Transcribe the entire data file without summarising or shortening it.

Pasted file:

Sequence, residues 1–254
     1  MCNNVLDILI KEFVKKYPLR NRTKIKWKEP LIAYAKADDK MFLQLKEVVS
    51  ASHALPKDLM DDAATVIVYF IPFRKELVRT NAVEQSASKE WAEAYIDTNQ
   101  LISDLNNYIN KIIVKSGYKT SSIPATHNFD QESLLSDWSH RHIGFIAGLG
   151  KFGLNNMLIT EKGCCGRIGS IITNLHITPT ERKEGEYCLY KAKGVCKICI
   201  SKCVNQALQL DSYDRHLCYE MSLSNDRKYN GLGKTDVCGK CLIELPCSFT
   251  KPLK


Sequence, residues 1–254
     1  MCNNVLDILI KEFVKKYPLR NRTKIKWKEP LIAYAKADDK MFLQLKEVVS
    51  ASHALPKDLM DDAATVIVYF IPFRKELVRT NAVEQSASKE WAEAYIDTNQ
   101  LISDLNNYIN KIIVKSGYKT SSIPATHNFD QESLLSDWSH RHIGFIAGLG
   151  KFGLNNMLIT EKGCCGRIGS IITNLHITPT ERKEGEYCLY KAKGVCKICI
   201  SKCVNQALQL DSYDRHLCYE MSLSNDRKYN GLGKTDVCGK CLIELPCSFT
   251  KPLK